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Seller BEWARE! Warning for anyone selling online. Red Deer man bombarded by scam artists

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5 minute read

This article is submitted by Tim Lasiuta of Red Deer

Kijiji, navigating scam buyers

It all started with what seemed to be a good idea.

I needed to sell a few items and other than eBay, Kijiji was the next best option.  After all, I had success on precious occasions selling other items and services to help make ends meet in a tough Alberta economy.

Comic books in hand, my ad seemed pretty simple.

“Collectors comics for sale, $1000 in value. Asking $500.  Contact Tim at….”

Not that I expected people to come running out of the electronic bushes to fight over my well cared for comic books and anthologies, but I did not expect what happened over the next 3 days.

I had included my cell phone number so I could at least talk to people about what they might want.  However, with the advent of the global marketplace sellers are exposed to international buyers.

Shortly after posting my ad, I received a response via text asking what seemed to be a legitimate response.

“I want to buy my son a birthday present.  This is a surprise.  What is your firm price?  Why are you selling?  What is your phone number?  What is your paypal account?  What is your address so we can pick them up?”

That all seemed good once I answered the questions and sent pictures of all 70 comic books and 30 hardcovers.

Within a few minutes, I received the following response:

“Okay, sound good.  I will pay you through PayPal, you can easily get money in your PayPal and transfer it into your bank account.  Let me know if you accept my method of payment and I will also contact the shipping company that will come down to your location for pick up after the payment clears to your account.”

It still sounded okay, but not quite normal.  After all, I had sold much through paypal and people just transfer funds as required.

That did not prepare me for what was next though.

I received what seemed to be a PayPal notice for $850 usd.  However, I wanted $500.  And the note included a shipping agent contact stating I had to send $300 to the agent to release the $850!

By this time, I was very suspicious and knew that was a scam.

I continued with the conversation and was assured this was not a scam and the funds really were on hold.  They did want them.

By this point, I gave up on this particular scammer and waited for a legitimate local buyer.

The end was not near however, as 3 more individuals contacted me over the next 2 days to offer the same thing!  All were out of country phone numbers, Colorado, Nevada and Indiana.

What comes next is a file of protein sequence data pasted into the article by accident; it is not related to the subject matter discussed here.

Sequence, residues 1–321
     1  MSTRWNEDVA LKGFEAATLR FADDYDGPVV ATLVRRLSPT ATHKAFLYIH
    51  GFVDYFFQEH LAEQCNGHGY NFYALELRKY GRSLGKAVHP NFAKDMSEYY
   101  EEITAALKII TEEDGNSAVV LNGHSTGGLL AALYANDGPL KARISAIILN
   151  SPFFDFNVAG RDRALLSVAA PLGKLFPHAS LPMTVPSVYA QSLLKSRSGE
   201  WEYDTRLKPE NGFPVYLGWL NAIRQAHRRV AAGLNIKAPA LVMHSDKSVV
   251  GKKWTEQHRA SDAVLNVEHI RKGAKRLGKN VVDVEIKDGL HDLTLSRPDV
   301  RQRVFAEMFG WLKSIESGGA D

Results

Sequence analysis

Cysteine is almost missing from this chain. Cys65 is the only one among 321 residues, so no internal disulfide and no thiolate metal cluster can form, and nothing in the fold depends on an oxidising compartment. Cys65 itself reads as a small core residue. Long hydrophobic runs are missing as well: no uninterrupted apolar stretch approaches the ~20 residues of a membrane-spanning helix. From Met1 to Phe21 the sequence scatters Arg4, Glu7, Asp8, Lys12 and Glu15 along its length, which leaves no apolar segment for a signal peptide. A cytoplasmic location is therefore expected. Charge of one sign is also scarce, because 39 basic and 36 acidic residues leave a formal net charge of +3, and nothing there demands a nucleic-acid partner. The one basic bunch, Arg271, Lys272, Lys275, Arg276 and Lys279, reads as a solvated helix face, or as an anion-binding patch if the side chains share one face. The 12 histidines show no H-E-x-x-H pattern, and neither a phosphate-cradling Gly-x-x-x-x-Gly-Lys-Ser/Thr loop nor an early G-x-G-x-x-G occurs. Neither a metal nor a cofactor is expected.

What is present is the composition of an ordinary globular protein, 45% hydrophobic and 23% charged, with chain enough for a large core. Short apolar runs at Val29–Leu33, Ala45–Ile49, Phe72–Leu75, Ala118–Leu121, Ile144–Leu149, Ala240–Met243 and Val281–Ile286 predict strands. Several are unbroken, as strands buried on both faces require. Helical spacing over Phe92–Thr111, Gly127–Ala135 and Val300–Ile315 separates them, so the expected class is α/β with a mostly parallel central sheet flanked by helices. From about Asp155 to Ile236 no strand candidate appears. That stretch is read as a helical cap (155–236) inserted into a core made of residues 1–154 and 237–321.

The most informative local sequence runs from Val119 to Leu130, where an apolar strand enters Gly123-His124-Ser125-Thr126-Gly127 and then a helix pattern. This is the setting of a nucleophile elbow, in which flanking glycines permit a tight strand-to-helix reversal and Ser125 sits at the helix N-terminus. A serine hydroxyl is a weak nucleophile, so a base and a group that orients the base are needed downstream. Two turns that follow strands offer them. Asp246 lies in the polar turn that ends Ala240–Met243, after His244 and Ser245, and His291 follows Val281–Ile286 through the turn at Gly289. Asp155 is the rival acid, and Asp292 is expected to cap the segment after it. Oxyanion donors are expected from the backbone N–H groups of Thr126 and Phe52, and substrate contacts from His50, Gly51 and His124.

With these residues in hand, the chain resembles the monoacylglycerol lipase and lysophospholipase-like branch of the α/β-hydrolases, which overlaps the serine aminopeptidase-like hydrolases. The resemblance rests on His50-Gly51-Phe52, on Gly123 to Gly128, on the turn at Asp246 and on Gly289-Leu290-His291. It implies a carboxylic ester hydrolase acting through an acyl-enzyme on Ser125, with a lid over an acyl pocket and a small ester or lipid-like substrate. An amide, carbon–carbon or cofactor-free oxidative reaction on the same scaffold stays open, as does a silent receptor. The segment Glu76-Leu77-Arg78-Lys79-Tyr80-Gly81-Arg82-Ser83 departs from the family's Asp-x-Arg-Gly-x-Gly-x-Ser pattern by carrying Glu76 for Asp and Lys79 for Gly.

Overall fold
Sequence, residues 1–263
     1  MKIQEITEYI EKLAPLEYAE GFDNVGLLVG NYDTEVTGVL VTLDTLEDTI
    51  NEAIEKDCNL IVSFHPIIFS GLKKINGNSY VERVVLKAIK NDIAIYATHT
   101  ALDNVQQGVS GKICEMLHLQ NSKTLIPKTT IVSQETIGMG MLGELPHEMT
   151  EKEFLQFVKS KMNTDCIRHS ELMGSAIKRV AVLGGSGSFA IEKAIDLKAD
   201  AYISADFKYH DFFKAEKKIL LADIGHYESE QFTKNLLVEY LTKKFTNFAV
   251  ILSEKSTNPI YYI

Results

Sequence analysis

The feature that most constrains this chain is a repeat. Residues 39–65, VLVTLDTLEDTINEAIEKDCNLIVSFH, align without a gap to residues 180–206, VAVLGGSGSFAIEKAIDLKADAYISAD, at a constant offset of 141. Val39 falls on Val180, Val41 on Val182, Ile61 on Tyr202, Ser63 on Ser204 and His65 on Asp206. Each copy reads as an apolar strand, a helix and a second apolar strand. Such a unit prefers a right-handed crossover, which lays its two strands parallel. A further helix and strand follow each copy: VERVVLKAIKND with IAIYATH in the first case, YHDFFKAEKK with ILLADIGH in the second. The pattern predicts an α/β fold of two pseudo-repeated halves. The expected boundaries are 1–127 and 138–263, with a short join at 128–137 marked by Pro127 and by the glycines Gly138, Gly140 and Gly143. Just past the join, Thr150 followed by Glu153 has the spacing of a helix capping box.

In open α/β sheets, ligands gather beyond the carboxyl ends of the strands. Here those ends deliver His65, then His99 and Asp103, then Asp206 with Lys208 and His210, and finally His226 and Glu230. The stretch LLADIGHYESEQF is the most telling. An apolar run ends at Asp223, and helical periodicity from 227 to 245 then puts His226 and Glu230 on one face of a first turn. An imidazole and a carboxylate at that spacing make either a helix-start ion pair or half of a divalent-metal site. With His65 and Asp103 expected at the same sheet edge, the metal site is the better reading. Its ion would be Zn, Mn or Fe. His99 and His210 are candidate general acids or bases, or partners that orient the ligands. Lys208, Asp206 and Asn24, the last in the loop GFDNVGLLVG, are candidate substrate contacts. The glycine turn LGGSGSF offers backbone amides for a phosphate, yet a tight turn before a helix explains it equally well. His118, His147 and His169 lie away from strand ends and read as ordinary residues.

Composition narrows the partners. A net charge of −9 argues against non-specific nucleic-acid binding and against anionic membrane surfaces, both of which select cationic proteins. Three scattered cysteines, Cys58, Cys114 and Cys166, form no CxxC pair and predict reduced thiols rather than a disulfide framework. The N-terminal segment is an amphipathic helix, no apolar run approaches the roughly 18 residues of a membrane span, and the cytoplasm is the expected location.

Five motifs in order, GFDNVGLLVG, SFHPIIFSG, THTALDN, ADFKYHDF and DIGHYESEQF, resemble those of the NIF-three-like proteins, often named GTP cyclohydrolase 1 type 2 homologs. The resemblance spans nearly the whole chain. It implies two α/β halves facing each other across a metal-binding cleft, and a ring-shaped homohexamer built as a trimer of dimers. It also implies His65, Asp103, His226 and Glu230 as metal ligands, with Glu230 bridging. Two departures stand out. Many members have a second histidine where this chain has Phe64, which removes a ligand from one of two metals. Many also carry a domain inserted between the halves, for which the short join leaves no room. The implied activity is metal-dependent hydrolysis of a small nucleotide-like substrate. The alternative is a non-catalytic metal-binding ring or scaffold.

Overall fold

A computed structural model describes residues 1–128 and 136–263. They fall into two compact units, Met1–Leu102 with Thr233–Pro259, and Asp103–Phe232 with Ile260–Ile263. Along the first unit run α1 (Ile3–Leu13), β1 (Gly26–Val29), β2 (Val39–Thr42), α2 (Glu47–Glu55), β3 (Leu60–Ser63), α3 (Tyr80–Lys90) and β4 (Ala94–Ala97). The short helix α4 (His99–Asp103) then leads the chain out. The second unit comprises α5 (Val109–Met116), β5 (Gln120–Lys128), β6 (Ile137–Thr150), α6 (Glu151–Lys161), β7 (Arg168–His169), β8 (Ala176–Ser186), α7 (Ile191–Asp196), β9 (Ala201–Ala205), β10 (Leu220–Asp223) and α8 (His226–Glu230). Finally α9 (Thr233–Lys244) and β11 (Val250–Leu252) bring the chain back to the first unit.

Looking back on the transaction, I researched their methods and discovered that the pay to release funds is not new and was based in Nigeria originally.  Now, it seems to come from the United States.

Their pattern can be summed up in four steps.

  1. Contact you saying they cannot come to see the asset in person and ask you questions.
  2. They agree to the price, no matter how large.
  3. They theoretically send you more than you ask for, demanding an advance payment to release the funds.
  4. You will never receive the rest, your paypal account is zero with no option to recover.

The buyers, as it were, hide beneath foreign cell phone numbers and redirected email addresses.  Once you engage them with the $300, you can no longer fight the battle.  Report these individuals IF you can identify them, but otherwise run!I write this cautionary tale so other sellers can be aware of those who prey on potential sellers, no matter where you live.

By the way, there is no happy ending to this story yet.  My comic books are still for sale and I still need to post items to make rent this month.

May you all find real buyers.

Tim Lasiuta

403-396-1773

 

After 15 years as a TV reporter with Global and CBC and as news director of RDTV in Red Deer, Duane set out on his own 2008 as a visual storyteller. During this period, he became fascinated with a burgeoning online world and how it could better serve local communities. This fascination led to Todayville, launched in 2016.

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Alberta

Holiday Mental Health – It’s Okay if it’s not the Most Wonderful Time of the Year

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The stores are stocking up on red and green everything, the shelves are lined with ornaments and dancing reindeer and you can’t ignore it even if you want to – the holiday season is nearly here. 

For many, Christmas means celebrations, decorations, rum and eggnog and time with family. From sledding and snow days to hanging the lights and putting up the tree, there are lots of things to love about the holiday season.
However, for others, there are lots of reasons why it might not be the most wonderful time of the year, and that’s okay too.